Please welcome Morgan C. Talbot as she shares an interesting hobby that is central to her new book First to Find. My apologies to Morgan and her publisher for messing up the November book tour schedule. Those of you who read my blog regularly know what a crazy month this has been for me. Because I do like to support other authors, I will leave this up until Sunday.
Geocaching is a versatile hobby, engaged in by millions around the world, that has been variously referred to as “using million-dollar satellites to hunt for Tupperware in the woods” and “a high-tech treasure hunt.” Geocaching.com’s succinct description describes it thus: “Geocaching is a real-world, outdoor treasure hunting game using GPS-enabled devices. Participants navigate to a specific set of GPS coordinates and then attempt to find the geocache (container) hidden at that location.” Yes, geocaching is all of this, and more.
Geocaching allows you to search for hidden containers at your own pace, whether they be easy and close to your urban parking spot or sneakily camouflaged at the end of a three-hour hike through the wilderness. It takes you to places in your own hometown that you never knew existed, like that tiny little park with the duck pond, or that great view from the top of the historic bell tower. Geocaching makes you pause to appreciate interesting locations you would otherwise never have sought out—a collection of bronze gongs behind a church, or a quiet cul-de-sac with a secret path into the back end of an enormous riverside park.
Geocaching teaches you to become more aware of the subtleties in your surroundings: that railing by the library could have a small magnetic container under it, and why is there a hole in that old brick wall beside the bakery, anyway? Geocaching adds another layer to your business trip, your family vacation, your trip to the mall. You can hunt for geocaches for as long or as short as you want, no matter where you are.
Geocaching encourages you to prepare for the unexpected—do you have a First Aid kit in your car or geocaching backpack? How about extra logbook paper, in case the log you find is wet? A flashlight, headlamp, or light app in case it gets dark, or if you need to peer into a mysterious crevice to search for an elusive container? What if the geocache doesn’t have a pen inside? Better bring a couple of your own—they run out of ink at the darnedest times. Some helpful geocachers even carry small replacement containers and pens, in case they find a geocache that’s been damaged or burgled. And if you or your children like to trade small items, best to have a handful of fun little things from the dollar store for swapping.
Geocaching gets you outside and moving around. Its tech aspect is a great way to get the indoor geeks outside and enjoying themselves—my father loves to control the GPSunit when my parents go out geocaching. This hobby helps you appreciate a well-maintained trail or road, readable street signs, and the adventure of heading out into the unknown…even if it’s just around the corner or down the block. Your GPS unit will always tell you where you are and where you’re trying to go, but getting there is so much easier when the signs are clear and the way is smooth! (Of course, there are those who appreciate the bumpy road not taken…)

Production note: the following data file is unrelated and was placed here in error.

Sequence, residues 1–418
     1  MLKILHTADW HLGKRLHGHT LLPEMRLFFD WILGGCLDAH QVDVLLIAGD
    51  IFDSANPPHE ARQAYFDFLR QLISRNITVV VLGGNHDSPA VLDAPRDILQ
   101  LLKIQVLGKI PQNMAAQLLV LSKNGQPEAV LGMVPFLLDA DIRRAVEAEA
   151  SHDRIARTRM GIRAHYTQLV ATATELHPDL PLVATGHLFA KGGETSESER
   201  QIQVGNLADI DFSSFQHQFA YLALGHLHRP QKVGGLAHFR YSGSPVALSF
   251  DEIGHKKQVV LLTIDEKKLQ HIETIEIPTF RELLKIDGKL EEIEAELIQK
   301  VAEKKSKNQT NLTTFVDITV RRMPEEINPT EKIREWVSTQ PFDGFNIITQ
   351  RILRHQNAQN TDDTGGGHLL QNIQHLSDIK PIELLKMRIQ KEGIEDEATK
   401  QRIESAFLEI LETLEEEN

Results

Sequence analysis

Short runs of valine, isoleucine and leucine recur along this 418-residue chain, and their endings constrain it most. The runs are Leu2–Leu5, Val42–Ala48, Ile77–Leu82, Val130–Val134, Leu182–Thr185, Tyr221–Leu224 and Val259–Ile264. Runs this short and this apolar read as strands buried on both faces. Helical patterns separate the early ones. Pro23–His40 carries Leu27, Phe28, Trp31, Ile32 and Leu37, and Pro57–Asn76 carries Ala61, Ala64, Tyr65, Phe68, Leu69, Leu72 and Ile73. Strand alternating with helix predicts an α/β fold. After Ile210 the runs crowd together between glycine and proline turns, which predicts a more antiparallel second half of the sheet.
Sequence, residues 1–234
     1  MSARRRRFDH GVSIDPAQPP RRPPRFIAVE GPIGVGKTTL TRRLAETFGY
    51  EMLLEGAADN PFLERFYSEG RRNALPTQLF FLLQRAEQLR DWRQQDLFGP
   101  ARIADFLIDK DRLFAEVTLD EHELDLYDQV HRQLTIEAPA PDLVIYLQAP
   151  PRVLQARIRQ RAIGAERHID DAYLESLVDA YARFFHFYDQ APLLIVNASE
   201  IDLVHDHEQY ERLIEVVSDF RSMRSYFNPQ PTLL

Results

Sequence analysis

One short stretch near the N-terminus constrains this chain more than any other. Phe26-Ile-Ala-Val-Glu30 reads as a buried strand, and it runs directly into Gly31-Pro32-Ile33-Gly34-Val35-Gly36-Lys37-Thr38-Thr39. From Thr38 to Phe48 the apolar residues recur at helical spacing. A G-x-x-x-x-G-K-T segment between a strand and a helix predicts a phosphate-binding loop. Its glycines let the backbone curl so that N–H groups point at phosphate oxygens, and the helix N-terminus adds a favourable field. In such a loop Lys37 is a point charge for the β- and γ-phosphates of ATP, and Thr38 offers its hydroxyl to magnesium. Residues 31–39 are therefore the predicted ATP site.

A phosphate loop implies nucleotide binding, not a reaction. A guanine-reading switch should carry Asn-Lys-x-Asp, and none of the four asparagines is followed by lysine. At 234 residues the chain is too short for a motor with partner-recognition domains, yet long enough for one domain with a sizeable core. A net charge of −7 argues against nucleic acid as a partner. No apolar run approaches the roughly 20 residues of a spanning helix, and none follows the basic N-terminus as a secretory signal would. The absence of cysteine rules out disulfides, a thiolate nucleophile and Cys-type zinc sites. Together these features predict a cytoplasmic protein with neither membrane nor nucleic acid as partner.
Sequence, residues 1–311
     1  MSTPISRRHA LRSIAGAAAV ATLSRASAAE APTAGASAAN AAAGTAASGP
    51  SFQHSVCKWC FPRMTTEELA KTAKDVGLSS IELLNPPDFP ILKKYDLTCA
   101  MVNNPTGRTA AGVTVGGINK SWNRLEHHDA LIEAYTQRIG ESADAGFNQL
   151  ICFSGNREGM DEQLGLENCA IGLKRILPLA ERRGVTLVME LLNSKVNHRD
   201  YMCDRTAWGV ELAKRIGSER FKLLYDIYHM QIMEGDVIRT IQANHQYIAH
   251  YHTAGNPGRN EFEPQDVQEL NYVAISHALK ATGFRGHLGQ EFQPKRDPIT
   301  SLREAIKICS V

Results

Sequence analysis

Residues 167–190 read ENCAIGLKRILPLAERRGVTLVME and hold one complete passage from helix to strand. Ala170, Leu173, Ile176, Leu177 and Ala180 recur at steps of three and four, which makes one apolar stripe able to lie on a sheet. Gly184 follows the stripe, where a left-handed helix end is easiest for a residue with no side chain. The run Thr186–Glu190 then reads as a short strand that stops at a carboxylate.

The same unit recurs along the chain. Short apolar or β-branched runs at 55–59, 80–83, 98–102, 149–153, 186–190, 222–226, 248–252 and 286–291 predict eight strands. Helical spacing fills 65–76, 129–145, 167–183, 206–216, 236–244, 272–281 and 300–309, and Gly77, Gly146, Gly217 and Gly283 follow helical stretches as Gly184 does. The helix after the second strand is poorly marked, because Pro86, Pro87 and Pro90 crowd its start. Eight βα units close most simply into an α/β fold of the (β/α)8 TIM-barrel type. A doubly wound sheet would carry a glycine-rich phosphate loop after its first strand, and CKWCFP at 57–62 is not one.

Geocaching lets you venture forth alone or with as many people as you can find. Many eyes searching for a sneaky hide makes the discovery more fun, but some days, you just want to hear the sound of your own thoughts, or the rushing water, or the birds, and that’s okay. Geocaching lets you take your dog, your children, your camera, and your phone, and often these companions enhance your experience. People ask fewer curious questions when you’re chasing your dog or taking nature photographs, or if you’re crouching down next to your daughter’s pink stroller while your hand is fumbling around below the bush behind you, hoping to feel the nice plastic container you’re searching for. Geocachers will sometimes use a lifeline and call other cachers for a hint if they’re having difficulties in the field. And posting pictures of your adventures on the online geocache pages can make your experience come to life for others, too!
Geocaching is the most flexible hobby many people have never heard of. Grab a GPS unit or download a geocaching app and see what’s hiding in your neighborhood. Who knows what you will discover when you step outside your door?
“Death is the hardest puzzle to solve. Margarita Williams escaped death at a young age, but its shadow has followed her all her life. Now, amidst the chaos of a new Australian roommate and mysterious, menacing neighbors, Death has set the puzzlemaker a puzzle of her own. Someone is killing her fellow geocachers, one by one.” First to Find
Morgan is an outdoorsy girl with a deep and abiding love for the natural sciences. Her degrees involve English and jujitsu. She enjoys hiking, camping, and wandering in the woods looking for the trail to the car, but there isn’t enough chocolate on the planet to bribe her into rock climbing.